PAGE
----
Khee’s handloom weavers had created a society in 1997 namely MS Sharf. The society had more than 50 members and would produce kani shawls also. This society made the village famous when Kulgam chador became a popular handmade product. The chador has woollen texture and thermal qualities but its weaving style makes it different “During exhibitions, people take these chadors like hot cakes within and outside Kashmir,” Manzoor said.
Over the years, this art has suffered a lot and weavers bore the brunt for that. Since the advent of the power loom, this flourishing art started facing difficulties. Power looms are faster than handlooms, and with a larger variety of designs, when handloom weavers can produce 2-3 pieces in a day, a power loom produces more than 50 pieces a day. This witnessed the fall in the demand for these products. Khee weavers, however, did not dismantle the handlooms for the faster machines.
“Earlier we used to weave out of love for our work, but nowadays, it is a compulsion because we know no work other than weaving,” Abdul Aziz Malik, an old generation weaver said. “The entire village is in handloom weaving but the government has not even given even a shed because government schemes work only on papers.” Malik said despite being in the trade for decades, not a single weaver in the village has direct access to the market. “We do not have even a licence to market our own weave,” Malik said. “We are provided work by master weavers, who get the orders and yarn from the licensed weavers but do not work on looms. Almost there are 40 middlemen from Srinagar having direct access to the state and central markets.”
The production and marketing cycle is interesting. After getting the yarn from Srinagar weavers, the master weaver distributes it among local weavers. Once the weaving is over, the product is taken by the master weaver for dyeing, finishing and ironing – all in Srinagar. The produce finally lands in the lap of yarn supplier who uses the middlemen circuit for selling it. “Ours is a labour-intensive job but it fetches less money,” insisted Aziz. “We are not even paid in time.”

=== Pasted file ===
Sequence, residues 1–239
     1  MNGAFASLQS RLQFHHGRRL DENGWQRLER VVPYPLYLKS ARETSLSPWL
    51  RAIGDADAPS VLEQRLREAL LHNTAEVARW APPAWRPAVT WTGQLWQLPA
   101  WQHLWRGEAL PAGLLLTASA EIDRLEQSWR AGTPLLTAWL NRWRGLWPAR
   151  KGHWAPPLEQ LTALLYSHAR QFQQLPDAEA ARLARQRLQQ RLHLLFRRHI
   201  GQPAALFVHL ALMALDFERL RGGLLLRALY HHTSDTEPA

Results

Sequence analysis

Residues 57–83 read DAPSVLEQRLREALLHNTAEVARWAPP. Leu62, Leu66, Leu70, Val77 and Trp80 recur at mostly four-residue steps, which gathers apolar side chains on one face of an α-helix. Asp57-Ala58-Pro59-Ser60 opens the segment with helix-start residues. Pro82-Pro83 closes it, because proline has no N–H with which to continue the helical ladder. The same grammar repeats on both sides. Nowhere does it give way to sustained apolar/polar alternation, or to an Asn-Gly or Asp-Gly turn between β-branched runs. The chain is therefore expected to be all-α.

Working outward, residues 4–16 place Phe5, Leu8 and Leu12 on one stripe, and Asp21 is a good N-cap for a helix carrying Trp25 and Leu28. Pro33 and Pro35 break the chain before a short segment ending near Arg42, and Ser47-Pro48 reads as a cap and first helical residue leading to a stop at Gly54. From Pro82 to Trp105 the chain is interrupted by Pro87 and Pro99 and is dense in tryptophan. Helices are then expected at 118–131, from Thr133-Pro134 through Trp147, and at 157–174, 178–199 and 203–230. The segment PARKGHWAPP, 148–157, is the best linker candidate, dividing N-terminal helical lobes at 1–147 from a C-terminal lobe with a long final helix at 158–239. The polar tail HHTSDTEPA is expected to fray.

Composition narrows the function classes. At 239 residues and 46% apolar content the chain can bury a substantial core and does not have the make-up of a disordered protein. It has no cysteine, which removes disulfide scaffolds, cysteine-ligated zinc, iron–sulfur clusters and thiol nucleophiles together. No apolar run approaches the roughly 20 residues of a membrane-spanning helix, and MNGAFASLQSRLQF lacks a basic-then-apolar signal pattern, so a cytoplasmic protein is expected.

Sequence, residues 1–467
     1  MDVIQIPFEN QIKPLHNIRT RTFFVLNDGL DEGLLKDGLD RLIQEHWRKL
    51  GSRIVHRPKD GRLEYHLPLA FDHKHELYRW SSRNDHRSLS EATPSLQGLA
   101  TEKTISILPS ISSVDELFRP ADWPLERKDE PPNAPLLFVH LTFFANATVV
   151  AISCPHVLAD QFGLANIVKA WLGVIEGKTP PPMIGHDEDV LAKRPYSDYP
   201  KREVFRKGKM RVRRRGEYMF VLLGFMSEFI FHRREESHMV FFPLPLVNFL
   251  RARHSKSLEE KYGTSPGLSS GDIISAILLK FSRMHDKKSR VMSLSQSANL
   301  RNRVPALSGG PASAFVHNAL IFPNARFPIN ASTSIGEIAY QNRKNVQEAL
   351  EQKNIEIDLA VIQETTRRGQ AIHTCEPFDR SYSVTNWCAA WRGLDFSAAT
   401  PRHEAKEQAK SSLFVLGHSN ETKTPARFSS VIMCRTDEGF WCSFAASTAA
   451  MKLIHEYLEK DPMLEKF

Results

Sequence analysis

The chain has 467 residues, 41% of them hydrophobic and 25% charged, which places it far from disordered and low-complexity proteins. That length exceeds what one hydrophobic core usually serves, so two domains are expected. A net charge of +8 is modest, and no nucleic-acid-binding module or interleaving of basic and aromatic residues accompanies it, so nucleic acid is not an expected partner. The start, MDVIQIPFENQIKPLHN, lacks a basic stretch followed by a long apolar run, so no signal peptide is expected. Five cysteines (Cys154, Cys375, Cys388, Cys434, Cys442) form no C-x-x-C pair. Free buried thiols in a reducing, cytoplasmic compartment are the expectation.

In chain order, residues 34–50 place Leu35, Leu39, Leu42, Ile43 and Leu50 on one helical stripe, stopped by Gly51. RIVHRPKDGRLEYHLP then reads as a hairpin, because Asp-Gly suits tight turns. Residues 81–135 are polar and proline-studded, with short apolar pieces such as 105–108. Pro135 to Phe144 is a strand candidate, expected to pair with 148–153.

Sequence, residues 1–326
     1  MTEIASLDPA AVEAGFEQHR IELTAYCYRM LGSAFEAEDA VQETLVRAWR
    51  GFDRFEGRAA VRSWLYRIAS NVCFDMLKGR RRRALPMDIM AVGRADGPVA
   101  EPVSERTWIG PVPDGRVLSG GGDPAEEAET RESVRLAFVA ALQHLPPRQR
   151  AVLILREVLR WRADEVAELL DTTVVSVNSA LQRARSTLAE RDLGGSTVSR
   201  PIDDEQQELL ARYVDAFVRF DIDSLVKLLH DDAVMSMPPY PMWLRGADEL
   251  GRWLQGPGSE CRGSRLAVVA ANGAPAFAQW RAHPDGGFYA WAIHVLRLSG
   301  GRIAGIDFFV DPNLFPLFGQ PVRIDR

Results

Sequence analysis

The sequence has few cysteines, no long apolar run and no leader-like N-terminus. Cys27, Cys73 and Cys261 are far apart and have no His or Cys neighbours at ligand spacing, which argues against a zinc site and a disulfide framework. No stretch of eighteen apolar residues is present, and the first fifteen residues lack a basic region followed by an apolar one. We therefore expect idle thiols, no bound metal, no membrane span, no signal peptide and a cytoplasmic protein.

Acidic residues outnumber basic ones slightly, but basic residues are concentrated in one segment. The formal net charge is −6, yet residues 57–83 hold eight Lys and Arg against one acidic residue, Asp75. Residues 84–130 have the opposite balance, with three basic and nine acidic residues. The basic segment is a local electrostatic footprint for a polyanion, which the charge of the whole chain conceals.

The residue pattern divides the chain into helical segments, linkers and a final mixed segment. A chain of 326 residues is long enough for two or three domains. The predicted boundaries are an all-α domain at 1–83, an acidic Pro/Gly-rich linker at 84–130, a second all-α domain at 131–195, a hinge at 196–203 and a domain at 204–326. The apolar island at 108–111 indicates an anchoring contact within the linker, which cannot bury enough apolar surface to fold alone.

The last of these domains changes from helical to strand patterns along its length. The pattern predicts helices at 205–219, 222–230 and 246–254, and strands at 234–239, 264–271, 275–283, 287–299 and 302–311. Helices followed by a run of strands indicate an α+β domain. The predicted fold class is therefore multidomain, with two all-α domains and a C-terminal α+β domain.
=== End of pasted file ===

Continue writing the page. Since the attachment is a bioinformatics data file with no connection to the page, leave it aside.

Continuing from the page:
MS Sharf society which started with 50 members is now reduced to 13 members. Some of its founder members have abandoned their looms and are working as manual labours. “We are not able to compete with power looms,” Mohammad Younis, 38, who is now a carpenter, after abandoning a non-remunerative weaving job of 15 years. “I am the fourth-generation weaver. This is what I have done all my life, but I would never permit my kids to sit on a loom.”
Against the tide of handloom weaving decline and the problems the weavers face, a young weaver, Nelofar Jan, is sitting beside her father, Manzoor Ahmad Malik. She can easily operate a manual handloom. Nelofar loves and respects this art, which she has inherited from her ancestors. That is why she enrolled herself in shawl weaving trade at Industrial Training Institute, Anantnag and avoids any other degree she was otherwise capable of.
“The quality of handloom weaving items is more traditional and intimate but people are unable to distinguish between handloom products and power loom products,” Nelofer said. “People definitely value a handloom piece more than the ones made on electronic looms. We want government intervention to save this industry. If the government will help us in getting raw materials at subsidized costs, we can change the destiny of this craft.”